That's some serious naivity right there. You don't think that huge chains have massive leverage over suppliers? You don't think someone McDonalds or Walmart can put a supplier out of business simply by breaking wind? What about Amazon and publishers fo rexample.

There is quite an ongoing debate about the power of buyers to squeeze suppliers to the brink, it's not uncommon.

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post #13 of 61
Quote:
Originally Posted by Zoolook View Post

That's some serious naivity right there. You don't think that huge chains have massive leverage over suppliers? You don't think someone McDonalds or Walmart can put a supplier out of business simply by breaking wind? What about Amazon and publishers fo rexample.

There is quite an ongoing debate about the power of buyers to squeeze suppliers to the brink, it's not uncommon.

I can understand a company being foolish by making a bad deal or a small company getting squeezed by a larger one, but this is Samsung. There yearly revenue in 2008 was more than Apples then market cap. If a company promises to buy x amount of flash at a set price then you write that up along with penalties, such as price changes if they dont buy that much.

PS: McDonalds is quite unique among many companies in that they have many long standing contracts with large suppliers, like Coca-Cola, that are verbal agreements solidified by a handshake.
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post #14 of 61
Apple is just beginning to affect the walled-off-from-competition Korean market. You may have read about the immediate effect the iPhone introduction has had on local cell phone offerings (I think the article may have been in the Wall Street Journal).

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post #15 of 61
Quote:
Originally Posted by fulldecent View Post

I have heard of a limited number of sellers controlling a market, but a buyer controlling a market... that's ridiculous.

look up the words monopsony and oligopsony.
post #16 of 61
Been telling family and friends for years. The buyer has all the power. We the consumer have more power than any industry. We (as a whole nation) are stupid and don't research what we buy. When we do that we are throwing away our power. We chose what is made and what is not made. If more people were concerned about quality instead of quantity LCD tv's wouldn't be here. OS X would have a much higher market share, we wouldn't buy "American" cars just because it's "American" supporting companies that take our jobs away and build "American" cars in foreign plants. We wouldn't have a credit (how the gov keeps track of you) crunch. We wouldn't have a mortgage crisis. If people were smarter and more disciplined (live within your means) we would all be better off.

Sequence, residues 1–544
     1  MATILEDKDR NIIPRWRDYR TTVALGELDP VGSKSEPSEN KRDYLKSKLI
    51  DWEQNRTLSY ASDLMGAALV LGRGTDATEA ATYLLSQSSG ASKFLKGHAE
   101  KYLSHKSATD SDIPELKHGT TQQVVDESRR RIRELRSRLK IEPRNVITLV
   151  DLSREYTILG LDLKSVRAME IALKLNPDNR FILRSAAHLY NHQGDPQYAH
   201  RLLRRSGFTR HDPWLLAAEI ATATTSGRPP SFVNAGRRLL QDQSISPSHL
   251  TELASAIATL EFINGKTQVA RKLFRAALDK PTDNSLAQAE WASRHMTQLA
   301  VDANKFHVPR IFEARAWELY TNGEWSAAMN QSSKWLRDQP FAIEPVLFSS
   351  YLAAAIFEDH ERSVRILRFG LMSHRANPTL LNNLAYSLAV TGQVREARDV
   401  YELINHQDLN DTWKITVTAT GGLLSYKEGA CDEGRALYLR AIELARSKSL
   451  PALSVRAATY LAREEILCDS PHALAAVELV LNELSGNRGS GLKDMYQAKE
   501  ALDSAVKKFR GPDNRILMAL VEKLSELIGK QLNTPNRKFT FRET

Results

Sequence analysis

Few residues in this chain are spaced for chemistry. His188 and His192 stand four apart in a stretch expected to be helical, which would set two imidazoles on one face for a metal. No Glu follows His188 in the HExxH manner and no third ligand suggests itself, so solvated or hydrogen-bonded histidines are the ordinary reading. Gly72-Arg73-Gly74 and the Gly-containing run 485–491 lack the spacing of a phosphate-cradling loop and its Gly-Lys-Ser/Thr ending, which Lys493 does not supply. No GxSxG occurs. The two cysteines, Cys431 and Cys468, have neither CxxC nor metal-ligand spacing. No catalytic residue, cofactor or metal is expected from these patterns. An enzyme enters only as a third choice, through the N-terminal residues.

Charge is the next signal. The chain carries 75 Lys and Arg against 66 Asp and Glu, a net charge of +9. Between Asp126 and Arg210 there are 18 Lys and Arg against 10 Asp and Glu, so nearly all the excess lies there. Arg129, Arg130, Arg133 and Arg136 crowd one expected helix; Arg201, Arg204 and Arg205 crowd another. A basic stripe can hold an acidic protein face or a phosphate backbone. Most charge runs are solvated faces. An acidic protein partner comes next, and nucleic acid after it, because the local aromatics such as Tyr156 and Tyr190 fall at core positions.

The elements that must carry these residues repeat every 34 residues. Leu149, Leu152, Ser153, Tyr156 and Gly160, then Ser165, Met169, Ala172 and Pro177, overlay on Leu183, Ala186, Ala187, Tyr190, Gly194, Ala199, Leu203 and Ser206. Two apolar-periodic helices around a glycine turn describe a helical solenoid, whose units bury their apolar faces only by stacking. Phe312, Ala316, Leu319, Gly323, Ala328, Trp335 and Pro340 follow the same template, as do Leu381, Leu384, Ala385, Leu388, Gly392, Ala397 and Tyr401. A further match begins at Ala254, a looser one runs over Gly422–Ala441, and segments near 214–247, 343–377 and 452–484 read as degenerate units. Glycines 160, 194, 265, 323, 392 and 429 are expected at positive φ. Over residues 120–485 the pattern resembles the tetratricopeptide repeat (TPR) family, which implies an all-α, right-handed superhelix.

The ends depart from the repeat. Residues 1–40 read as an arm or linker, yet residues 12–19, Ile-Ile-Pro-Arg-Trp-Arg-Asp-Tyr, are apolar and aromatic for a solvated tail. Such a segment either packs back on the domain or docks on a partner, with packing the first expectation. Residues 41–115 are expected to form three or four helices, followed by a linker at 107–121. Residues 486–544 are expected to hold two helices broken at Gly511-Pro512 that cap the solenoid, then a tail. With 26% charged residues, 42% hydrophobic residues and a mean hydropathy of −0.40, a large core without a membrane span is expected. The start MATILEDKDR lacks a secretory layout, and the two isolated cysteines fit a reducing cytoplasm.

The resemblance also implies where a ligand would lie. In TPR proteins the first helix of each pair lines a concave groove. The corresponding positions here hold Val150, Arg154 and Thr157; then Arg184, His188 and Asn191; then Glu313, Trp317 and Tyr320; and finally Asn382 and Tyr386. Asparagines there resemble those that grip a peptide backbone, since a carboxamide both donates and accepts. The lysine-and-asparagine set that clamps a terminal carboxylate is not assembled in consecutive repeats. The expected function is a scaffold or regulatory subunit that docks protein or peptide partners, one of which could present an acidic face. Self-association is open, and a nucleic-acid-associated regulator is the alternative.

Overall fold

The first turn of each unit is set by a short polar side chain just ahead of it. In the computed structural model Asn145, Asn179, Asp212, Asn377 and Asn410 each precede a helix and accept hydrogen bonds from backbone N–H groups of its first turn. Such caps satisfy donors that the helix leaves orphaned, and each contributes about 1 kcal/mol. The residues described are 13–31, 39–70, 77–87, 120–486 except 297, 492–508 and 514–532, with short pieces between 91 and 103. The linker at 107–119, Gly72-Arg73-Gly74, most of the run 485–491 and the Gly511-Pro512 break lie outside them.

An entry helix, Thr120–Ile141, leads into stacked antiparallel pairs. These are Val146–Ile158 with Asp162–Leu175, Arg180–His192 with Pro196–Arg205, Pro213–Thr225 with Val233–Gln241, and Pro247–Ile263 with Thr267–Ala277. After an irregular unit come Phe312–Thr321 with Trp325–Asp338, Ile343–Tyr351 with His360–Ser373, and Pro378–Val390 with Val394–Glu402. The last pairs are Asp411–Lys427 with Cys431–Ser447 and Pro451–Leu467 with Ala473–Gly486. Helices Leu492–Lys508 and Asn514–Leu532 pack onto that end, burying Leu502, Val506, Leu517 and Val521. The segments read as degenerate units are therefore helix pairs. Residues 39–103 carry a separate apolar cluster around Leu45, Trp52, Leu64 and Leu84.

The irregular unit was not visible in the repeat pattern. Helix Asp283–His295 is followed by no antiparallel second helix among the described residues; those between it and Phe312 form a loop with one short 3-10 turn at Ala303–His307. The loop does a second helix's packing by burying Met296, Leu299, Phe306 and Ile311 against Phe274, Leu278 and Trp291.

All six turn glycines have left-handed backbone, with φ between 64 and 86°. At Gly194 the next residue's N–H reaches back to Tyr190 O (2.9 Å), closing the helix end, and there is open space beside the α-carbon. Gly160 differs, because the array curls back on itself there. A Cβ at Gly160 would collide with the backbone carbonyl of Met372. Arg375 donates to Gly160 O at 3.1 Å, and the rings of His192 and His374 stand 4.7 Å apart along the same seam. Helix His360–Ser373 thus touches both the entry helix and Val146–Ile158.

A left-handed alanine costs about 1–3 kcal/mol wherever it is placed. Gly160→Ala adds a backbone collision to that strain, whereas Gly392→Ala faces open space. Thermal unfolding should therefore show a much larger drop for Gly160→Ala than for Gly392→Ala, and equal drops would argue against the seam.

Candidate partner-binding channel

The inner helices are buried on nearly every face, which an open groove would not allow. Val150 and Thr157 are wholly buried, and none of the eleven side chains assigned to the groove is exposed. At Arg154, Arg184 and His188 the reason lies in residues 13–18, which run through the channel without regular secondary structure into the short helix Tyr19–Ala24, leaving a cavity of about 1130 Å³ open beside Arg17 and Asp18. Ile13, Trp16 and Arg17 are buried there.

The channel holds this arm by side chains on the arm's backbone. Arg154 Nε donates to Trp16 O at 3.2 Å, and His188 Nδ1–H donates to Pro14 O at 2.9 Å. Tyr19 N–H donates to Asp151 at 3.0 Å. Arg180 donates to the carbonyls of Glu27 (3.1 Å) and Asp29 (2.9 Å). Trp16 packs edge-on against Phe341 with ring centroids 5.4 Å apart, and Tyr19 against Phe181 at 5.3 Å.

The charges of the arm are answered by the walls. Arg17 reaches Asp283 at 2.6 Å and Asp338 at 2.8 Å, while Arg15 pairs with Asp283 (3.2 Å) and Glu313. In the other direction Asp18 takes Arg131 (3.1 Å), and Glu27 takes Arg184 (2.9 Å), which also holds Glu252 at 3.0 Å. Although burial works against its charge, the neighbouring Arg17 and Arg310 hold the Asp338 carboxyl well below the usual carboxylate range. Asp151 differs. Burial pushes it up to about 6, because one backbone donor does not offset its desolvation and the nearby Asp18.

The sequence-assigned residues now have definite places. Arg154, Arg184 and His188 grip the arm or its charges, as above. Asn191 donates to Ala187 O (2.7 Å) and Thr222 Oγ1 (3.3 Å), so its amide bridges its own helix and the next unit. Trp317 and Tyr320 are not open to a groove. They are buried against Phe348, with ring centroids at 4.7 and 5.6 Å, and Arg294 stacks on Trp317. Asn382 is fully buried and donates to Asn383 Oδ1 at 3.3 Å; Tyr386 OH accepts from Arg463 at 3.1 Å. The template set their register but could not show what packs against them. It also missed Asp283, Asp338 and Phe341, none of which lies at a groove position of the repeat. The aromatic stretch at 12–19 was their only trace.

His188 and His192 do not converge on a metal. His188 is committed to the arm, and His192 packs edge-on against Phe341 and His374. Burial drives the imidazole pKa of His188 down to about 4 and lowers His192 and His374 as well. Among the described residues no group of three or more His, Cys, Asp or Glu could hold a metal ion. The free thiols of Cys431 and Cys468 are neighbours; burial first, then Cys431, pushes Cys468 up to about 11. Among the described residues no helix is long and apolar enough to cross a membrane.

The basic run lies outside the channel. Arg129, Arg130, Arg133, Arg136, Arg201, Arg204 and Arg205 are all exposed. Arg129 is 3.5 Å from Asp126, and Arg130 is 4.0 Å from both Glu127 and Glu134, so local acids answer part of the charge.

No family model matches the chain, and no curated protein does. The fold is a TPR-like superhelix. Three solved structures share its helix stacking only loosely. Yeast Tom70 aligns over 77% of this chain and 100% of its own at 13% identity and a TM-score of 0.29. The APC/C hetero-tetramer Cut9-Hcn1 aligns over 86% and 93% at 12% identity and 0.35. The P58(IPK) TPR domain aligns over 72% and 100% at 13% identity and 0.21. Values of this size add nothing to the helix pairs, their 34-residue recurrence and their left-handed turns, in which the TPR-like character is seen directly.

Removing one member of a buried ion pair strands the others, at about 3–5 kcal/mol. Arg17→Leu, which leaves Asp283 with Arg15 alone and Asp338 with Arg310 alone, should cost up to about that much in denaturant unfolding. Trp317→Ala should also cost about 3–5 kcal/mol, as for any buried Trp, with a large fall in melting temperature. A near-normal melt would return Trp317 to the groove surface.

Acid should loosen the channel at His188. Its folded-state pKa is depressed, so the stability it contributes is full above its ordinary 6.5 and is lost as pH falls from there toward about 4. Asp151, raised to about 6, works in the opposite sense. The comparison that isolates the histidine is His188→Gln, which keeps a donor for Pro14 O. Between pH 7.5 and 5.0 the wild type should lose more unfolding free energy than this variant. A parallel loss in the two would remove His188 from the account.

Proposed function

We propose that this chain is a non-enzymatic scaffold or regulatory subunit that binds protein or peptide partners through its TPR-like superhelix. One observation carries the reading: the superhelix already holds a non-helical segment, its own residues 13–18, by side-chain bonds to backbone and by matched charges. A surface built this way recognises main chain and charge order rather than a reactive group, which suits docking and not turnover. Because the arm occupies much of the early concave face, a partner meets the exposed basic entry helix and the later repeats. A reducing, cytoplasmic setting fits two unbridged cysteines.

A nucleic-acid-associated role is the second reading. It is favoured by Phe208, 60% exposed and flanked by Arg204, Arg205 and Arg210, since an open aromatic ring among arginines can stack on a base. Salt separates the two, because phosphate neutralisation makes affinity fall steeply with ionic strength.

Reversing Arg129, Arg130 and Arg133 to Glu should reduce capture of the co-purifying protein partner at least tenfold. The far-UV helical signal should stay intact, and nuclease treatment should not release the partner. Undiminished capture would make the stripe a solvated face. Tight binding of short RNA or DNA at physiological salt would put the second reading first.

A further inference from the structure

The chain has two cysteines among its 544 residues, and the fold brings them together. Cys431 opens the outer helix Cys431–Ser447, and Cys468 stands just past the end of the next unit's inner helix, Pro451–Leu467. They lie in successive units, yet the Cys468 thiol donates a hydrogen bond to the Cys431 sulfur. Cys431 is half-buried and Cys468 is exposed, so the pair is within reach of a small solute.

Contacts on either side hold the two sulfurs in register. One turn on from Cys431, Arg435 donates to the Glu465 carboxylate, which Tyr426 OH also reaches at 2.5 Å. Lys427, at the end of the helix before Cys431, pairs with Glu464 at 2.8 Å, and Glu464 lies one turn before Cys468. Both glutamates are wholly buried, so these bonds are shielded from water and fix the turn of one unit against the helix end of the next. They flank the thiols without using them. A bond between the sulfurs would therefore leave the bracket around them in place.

Thats's right! I have no bank accounts, no credit cards, no loans, no cars in my name. All cash all the time, ain't nobody in my business Was even thinking of de-printing my fingers.

To the point.
Apple could be like that coke dealer who buys up everything in sight, stashes it, and when the land is dry, sell it back at a higher price. I don't see anything wrong that. It's their money. But at no point would the price go down, wth!
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post #17 of 61
The Koreans are about to get their phone market handed back to them in bits by Apple. The dirty war of words begins... (see also Nokia etc...)
post #18 of 61
Quote:
Originally Posted by schmidm77 View Post

look up the words monopsony and oligopsony.

Neither of those terms work here. There are a lot more buyers than there are sellers of NAND. What we have a very dominate buyer affecting the price. The problem is that Samsung seems to be arguing that two opposing outcomes are happening at the same time, which dont make any sense. On top that, the fact of the matter is if remove Apple from the equation completely we have much higher priced NAND for the other buyers and we have the NAND sellers make a lot less money.

This really seems like Samsung trying to indirectly persuade the Korean people to hate on Apple and not buy the iPhone.
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post #19 of 61
Quote:
Originally Posted by vinney57 View Post

The Koreans are about to get their phone market handed back to them in bits by Apple. The dirty war of words begins... (see also Nokia etc...)

Spot on bro.

To the Koreans:

Instead of getting on your knees and thanking apple for making billionaires of you while actually making something useful out of your chips and selling it to the masses in millions, you complain about them being getting the best price they can?

Load your chips on ships and go sell them yourselves then to flea markets.
post #20 of 61
correct me if I'm wrong...
but the way I understand it:
Apple is ORDERING a large number of NAND chips from Korea, thus Korea PRODUCES the number of chips ordered.
Then it seems like Samsung is accusing Apple of forcing them to HOLD ON to the chips they made, exclusively for Apple, until Apple feels like buying them.

That is the only way this could work....
... and if that is really the case.... Samsung has some of the worse lawyers in the world...
and needs to hire better people to come up with their contracts.

If you put it any other way... there claims wouldn't make sense..... like
everyone else is stating.

It just sounds like the company is upset they aren't making as much money anymore
from flash memory.
post #21 of 61
Quote:
Originally Posted by m2002brian View Post

Thats's right! I have no bank accounts, no credit cards, no loans, no cars in my name. All cash all the time, ain't nobody in my business Was even thinking of de-printing my fingers.

No savings? No pension? Or do you have money in real-estate?
post #22 of 61
Quote:
Originally Posted by m2002brian View Post